If an H-cell's person is normal, they are especially responsive to messages that suggest they take an action that brings them social reward. When this person has received clear value from their H-cell, they know there's a good chance they can successfully share their experience with someone who is already friend or family and influence their uptake. Any H-cell that discovers this type of correlation is more likely to survive the gauntlet of human fickleness, with the effect that there's a greater chance of an H-cell neighbor popping up.

The other side of this same phenomena is that an H-cell's person may be asked what's going on simply because they've been behaving differently lately (and it hasn't been all bad). In a still other scenario, some people may be interested in spinning up an H-cell of their own but are loathe to make changes or try anything new alone, and so they may rally others to configure their H-cells as a cohort. These cells would tend to cluster as neighbors.

Because of these and other scenarios, an H-cell may not always need to put in extra work to discover its neighbors; the link could be established at a higher level. Once it does discover its neighbors, the next implicitly-incentivized step is to cross-pollinate capabilities and perhaps even fold in chunks of other H-cell's internal models. We'll see.

Is it a cellular automaton or not?

Despite all the unusuality of Hazelian CA, I believe there is a major factor I haven't mentioned yet which defines it within the bounds of being a cellular automaton. It's this: does Hazelian CA look, act and feel like a CA in the end?

Is there a grid? Will it be possible to setup different configurations and see how they evolve? Will there be fancy animations of the grid evolving in interesting ways over time, including neighbor interactions?

Yes to all, but with an important difference: scale.

Because a Hazelian CA is a second-order CA, it operates on a much larger timescale and scale of impact than usual. Furthermore, each H-cell's internal state is controlled indirectly by motivating people to hook in as sources of general intelligence. Each H-cell also represents real-world impact by proxy with a real person, so be careful with those complex configurations you're fantasizing about setting up! You'll have to be a little creative anyway, and brush up on your persuasion skills, because configuration originates from motivated individuals.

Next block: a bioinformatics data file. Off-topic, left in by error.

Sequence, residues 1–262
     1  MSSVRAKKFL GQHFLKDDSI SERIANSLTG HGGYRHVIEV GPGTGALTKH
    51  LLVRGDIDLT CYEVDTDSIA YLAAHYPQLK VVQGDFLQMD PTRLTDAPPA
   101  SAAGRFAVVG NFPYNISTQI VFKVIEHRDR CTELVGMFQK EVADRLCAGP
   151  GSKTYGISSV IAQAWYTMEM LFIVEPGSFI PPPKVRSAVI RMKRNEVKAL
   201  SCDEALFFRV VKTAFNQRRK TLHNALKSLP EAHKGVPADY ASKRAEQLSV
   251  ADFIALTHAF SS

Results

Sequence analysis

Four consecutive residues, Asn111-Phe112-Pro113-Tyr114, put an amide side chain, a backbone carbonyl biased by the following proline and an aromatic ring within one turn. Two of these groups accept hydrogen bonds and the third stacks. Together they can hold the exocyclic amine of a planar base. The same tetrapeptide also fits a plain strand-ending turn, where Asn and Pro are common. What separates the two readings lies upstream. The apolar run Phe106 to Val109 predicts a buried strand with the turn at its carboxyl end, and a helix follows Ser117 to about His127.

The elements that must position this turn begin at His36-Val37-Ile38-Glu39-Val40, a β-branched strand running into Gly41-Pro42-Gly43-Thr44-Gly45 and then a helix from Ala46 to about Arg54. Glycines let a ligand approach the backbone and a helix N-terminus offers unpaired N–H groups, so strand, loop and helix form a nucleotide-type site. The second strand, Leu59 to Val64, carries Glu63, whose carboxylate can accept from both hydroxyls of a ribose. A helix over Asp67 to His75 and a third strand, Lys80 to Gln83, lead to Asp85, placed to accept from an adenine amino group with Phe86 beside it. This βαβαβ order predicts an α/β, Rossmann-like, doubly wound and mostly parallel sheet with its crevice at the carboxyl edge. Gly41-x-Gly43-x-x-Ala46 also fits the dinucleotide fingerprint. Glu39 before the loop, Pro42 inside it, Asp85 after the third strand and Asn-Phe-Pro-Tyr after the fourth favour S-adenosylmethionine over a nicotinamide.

Connecting it all together

When looking at a typical CA grid, each populated cell doesn't represent a great deal of complexity or intelligence. A populated cell is merely the outcome of the initial configuration, the state of its neighbors, and simple rules iterated thousands of times. Still, we can see it play out the game of life when configured just right.

The major difference with Hazelian CA is that each cell can potentially represent massive complexity and general intelligence.

Hazelian CA grid

Because each H-cell interfaces with the larger universe by proxy with a person, and plays out the game of life while connected indirectly to this universe, it may indeed eventually play the game of real life while providing a nice visualization of how it all plays out.

You might still be skeptical of whether a Hazelian cellular automaton can gradually model general intelligence. It would be strange if you weren't skeptical, because it is a grand claim. Nonetheless, I've attempted to lay it all out in terms of familiar principles, techniques, and processes.

The idea of cellular automaton is very old and very familiar, dating back to John Von Neumann's 1940's quest for self-replicating robots. Many people of all ages and all backgrounds have played with Conway's Game of Life, and so there's a broad grasp of how CA's work.

Almost everyone in the Western world has heard of Plato's allegory of the cave, which we see shades of in the H-Cell's severely constrained view into a vast complex universe.

While Karl Friston's free-energy principle is fairly new, it's quite popular and well regarded despite not being fully understood by most. If this principle is valid and I've understood its implications well enough, we can reasonably expect one H-cell, eventually, to step on the hyper-train to mature general intelligence.

Last, but not least, the idea of enactivism, in which a mind develops through its body's interaction with its environment, has also been gaining traction recently. Actions are fundamental to how an H-Cell operates, and so we see a path toward a model of mind within its internal state.

Did I connect all these big ideas together correctly, or at least usefully?

Did I connect them to the real world correctly, or at least usefully, with the symbiosis model? Most importantly, did I connect them safely, via the limited Markov blanket?

Adding these questions together, we get to the big question. Does a Hazelian CA actually represent a method for growing a model of general intelligence from a minimal set of rules, a minimized set of priors, and no initial data?

I believe so, but we shall have to test it. Surely there is room for improvement.

Since the promise is great enough and the cost is low enough, someone will test it. I know I will. People from a wide variety of disciplines and educational backgrounds, all over the world, can build a Hazelian CA or use an existing implementation and test it to their heart's content.

How long do you think we'll have to wait to see something like Gosper's Glider Gun in the Game of Real Life?